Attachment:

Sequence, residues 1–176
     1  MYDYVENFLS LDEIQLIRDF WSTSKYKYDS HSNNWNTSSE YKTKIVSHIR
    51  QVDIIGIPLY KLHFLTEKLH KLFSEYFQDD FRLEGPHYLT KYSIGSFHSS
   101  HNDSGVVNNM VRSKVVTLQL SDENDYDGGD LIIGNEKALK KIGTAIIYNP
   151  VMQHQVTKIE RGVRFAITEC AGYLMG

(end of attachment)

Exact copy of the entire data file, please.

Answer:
Sequence, residues 1–176
     1  MYDYVENFLS LDEIQLIRDF WSTSKYKYDS HSNNWNTSSE YKTKIVSHIR
    51  QVDIIGIPLY KLHFLTEKLH KLFSEYFQDD FRLEGPHYLT KYSIGSFHSS
   101  HNDSGVVNNM VRSKVVTLQL SDENDYDGGD LIIGNEKALK KIGTAIIYNP
   151  VMQHQVTKIE RGVRFAITEC AGYLMG